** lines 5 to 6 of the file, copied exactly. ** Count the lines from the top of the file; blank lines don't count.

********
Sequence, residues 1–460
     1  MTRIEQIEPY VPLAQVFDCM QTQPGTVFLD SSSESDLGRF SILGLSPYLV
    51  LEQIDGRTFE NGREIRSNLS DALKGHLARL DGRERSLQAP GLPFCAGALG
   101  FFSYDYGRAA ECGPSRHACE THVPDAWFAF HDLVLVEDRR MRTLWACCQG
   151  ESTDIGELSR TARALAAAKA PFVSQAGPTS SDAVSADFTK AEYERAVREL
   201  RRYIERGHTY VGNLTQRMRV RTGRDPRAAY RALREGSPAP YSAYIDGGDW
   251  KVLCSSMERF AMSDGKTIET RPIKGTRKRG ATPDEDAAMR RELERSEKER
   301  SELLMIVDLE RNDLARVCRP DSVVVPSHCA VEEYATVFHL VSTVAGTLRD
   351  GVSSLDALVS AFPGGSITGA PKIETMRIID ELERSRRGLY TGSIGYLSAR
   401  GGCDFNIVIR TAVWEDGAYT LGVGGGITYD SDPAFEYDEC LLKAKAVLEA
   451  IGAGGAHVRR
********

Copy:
   151  ESTDIGELSR TARALAAAKA PFVSQAGPTS SDAVSADFTK AEYERAVREL
   201  RRYIERGHTY VGNLTQRMRV RTGRDPRAAY RALREGSPAP YSAYIDGGDW